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Upgrade to Digital X-Ray with 3 Questions

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So you're considering upgrading your X-ray system to DR (digital radiography)? That's great! There will be image quality, workflow, and throughput advantages in your future. All you have to do is make a digital detector/panel/plate at home in your wall or table bucky. BUT (There's always a but, isn't there?) there are a variety of ways to make this upgrade happen and, while all of them stand to improve your system's performance, not all of them will strike the ideal balance between your site's patient care needs and budget scenario.

Since that BUT is such a heavy one, we've put together three questions that will help you narrow down the options for DR upgrades to analog X-ray machines.

 

Question 1: CsI or Gadox?

CsI (Cesium Iodide) and Gadox (Gadolinium Oxysulfide) are both used as "scintillators" in DR detectors. There's a relatively complicated scientific explanation for how each of these compounds gets the job done, but we'll cut to the chase for time's sake: CsI will give you better image resolution. Gadox will cost you less. Both are improvements over film-based imaging. The detector styles mentioned below are all available with CsI or Gadox, so the choice is yours.

Question 2: One Detector or Two?

If you want the most efficient rad room in town, you'll want to get two detectors. The efficiency comes from the time saved by not having to move a single detector from the table to the wall on a case-by-case basis. Having two detectors also reduces the risk of damage to a detector via mishandling or (gasp!) droppage.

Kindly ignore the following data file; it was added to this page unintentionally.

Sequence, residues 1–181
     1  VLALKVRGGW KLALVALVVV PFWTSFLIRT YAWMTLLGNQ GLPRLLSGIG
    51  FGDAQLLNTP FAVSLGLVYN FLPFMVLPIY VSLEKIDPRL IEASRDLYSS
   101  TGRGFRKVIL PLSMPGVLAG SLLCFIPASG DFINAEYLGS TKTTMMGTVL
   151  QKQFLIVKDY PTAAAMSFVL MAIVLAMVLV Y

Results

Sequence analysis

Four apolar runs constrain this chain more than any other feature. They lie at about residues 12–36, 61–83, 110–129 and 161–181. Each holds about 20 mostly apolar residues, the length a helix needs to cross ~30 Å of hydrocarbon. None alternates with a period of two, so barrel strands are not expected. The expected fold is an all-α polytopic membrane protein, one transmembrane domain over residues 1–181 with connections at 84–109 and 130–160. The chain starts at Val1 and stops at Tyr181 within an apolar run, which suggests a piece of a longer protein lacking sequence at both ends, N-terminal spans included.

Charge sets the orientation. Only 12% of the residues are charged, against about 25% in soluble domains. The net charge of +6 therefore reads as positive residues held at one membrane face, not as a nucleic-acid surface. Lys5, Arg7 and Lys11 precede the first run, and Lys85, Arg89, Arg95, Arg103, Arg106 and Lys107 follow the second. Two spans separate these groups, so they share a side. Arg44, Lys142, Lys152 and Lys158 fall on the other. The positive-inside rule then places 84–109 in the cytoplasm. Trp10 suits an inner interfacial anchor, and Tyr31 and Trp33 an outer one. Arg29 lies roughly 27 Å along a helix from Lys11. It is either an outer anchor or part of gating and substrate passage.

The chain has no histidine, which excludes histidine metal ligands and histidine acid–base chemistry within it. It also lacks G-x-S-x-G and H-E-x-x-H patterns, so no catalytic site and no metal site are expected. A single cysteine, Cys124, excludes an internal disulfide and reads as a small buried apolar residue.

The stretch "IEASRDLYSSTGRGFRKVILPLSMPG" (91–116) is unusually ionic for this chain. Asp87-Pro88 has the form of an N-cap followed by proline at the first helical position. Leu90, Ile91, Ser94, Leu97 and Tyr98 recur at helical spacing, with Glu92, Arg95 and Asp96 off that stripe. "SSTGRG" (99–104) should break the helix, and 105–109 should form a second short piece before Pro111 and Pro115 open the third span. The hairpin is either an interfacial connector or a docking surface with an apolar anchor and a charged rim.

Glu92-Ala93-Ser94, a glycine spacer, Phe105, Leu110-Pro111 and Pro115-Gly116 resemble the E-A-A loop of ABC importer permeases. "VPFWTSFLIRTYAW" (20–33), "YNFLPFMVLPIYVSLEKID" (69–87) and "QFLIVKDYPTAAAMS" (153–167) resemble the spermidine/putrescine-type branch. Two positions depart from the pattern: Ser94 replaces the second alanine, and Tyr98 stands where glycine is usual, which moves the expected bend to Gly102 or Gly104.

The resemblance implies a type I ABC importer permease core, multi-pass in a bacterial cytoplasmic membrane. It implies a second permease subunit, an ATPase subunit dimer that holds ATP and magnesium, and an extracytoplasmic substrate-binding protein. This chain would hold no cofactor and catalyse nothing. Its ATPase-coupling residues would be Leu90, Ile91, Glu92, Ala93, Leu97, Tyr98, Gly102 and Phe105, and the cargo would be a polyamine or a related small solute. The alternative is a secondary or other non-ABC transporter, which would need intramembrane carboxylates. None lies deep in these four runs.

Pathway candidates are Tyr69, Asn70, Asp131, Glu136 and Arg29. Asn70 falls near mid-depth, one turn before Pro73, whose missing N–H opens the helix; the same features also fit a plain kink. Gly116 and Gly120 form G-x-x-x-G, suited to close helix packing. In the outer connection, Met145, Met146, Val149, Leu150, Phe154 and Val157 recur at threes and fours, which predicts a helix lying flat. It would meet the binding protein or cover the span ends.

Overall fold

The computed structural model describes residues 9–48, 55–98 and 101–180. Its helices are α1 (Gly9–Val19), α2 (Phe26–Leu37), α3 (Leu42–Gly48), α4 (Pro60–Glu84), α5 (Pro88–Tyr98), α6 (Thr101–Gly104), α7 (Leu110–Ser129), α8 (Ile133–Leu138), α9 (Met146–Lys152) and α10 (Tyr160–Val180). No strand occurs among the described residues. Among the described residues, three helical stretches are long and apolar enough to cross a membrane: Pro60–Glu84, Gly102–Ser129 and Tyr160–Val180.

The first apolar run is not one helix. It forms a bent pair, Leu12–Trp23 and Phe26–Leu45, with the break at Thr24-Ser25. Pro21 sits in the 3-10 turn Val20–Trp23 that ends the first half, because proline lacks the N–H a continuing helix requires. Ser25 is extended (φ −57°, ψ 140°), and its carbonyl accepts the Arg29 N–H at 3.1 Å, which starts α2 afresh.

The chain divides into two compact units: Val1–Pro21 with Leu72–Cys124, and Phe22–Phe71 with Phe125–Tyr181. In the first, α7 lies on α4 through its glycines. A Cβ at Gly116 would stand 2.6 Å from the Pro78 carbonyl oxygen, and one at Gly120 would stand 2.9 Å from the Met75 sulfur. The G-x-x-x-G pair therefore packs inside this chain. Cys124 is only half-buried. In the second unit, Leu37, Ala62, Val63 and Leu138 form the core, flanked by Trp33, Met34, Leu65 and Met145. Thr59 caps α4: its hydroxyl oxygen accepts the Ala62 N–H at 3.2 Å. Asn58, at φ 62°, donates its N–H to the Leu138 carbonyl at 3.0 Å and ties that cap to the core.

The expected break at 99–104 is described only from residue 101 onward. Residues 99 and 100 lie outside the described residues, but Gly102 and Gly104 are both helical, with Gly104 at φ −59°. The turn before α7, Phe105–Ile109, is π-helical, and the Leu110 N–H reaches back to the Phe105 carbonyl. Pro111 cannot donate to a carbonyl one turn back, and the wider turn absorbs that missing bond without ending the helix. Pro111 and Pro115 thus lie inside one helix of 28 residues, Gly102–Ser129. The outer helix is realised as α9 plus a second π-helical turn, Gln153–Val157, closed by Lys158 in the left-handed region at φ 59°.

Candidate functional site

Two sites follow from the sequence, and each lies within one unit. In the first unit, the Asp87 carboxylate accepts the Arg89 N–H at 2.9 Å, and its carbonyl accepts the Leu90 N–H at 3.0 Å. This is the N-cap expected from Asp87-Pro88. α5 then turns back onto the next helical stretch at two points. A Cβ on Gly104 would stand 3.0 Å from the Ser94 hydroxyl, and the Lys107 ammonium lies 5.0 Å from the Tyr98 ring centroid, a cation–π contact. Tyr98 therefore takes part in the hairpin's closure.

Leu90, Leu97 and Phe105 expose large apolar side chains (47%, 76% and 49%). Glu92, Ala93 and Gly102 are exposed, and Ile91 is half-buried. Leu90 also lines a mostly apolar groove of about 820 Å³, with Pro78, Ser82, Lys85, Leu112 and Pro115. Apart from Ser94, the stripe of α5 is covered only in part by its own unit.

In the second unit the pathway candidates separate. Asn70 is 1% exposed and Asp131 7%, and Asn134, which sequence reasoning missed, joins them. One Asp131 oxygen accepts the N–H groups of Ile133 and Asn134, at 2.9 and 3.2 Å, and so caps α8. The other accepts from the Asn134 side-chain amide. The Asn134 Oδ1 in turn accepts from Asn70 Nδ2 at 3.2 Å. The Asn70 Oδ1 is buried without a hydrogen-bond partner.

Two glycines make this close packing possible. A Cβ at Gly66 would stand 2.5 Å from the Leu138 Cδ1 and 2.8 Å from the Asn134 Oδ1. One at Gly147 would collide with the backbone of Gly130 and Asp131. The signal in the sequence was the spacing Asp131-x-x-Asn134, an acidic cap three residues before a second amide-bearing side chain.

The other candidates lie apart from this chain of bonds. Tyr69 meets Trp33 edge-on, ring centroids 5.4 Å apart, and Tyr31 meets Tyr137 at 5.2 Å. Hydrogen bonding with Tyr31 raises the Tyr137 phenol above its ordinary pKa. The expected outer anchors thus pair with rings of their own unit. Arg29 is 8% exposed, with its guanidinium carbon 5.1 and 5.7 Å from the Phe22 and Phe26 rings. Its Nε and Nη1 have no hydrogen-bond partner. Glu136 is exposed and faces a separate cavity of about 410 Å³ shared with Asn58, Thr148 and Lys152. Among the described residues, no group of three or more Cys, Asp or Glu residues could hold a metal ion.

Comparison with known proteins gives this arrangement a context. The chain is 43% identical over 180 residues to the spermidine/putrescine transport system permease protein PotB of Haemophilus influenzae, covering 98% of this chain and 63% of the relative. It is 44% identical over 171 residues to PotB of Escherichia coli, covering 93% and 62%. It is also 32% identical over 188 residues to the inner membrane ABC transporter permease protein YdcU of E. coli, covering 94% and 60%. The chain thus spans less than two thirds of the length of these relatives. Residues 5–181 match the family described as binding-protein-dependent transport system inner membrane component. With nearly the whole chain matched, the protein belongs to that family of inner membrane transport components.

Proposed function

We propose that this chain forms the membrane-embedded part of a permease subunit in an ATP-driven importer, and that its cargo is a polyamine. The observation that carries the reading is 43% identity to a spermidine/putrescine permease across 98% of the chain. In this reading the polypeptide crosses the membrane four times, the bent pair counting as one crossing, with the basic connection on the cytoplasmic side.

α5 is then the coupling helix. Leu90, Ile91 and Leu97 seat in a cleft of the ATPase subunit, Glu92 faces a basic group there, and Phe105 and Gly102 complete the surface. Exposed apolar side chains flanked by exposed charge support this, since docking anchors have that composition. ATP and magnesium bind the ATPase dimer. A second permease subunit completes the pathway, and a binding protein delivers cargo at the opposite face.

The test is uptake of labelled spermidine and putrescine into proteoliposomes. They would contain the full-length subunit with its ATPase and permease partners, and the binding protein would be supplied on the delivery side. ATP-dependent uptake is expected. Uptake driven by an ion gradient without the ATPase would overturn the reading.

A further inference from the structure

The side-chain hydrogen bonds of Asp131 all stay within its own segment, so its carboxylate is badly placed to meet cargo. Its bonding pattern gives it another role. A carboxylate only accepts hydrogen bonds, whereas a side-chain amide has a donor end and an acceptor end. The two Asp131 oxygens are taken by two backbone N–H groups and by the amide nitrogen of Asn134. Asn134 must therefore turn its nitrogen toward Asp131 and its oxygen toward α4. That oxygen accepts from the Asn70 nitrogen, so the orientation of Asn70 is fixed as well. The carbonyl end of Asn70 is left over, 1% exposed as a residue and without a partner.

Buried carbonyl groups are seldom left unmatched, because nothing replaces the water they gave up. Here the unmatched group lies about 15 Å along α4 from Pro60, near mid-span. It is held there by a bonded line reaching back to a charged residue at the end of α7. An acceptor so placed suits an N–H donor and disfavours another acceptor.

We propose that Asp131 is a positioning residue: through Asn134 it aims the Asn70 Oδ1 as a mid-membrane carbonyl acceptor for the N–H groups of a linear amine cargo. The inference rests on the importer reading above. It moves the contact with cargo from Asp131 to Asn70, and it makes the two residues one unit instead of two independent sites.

If your site has tighter budget constraints, a single detector with drop coverage is a more economical way to go.

Question 3: Tethered, Wireless, or Fixed?

A "tethered" DR detector has a wire going from the plate to either the table or the wall. A wireless detector is... well, you guessed it. Fixed detectors are bolted to the bucky. This last option is ideal for wall stands in a 2-detector setup, but should be paired with a wireless or tethered detector as they limit the patient positions available on the table. Pricing for these detectors, in ascending order, is as follows: Fixed, tethered, wireless.

Note: There are 2 caveats to consider relative to wireless detectors- battery life (your techs will need to charge your detectors consistently) and network connectivity (even well-maintained networks experience trouble from time to time).

The Options:

Now that the basics are in the open, here are the combinations that are available.

  1. One wireless panel, shared between table and wall
  2. One wireless panel for the table, one wireless panel for the wall
  3. One wireless panel for the table, one tethered panel for the wall
  4. One wireless panel for the table, one fixed panel for the wall
  5. One tethered panel, shared between the table and the wall
  6. One tethered panel for the table, one tethered panel for the wall
  7. One tethered panel for the table, one fixed panel for the wall

 

Choosing which of these combinations is the best for your site will depend upon your specific situation. If you need additional information along the way, we can help with that. Contact our team below to learn more.

 

Learn how to convert to digital X-ray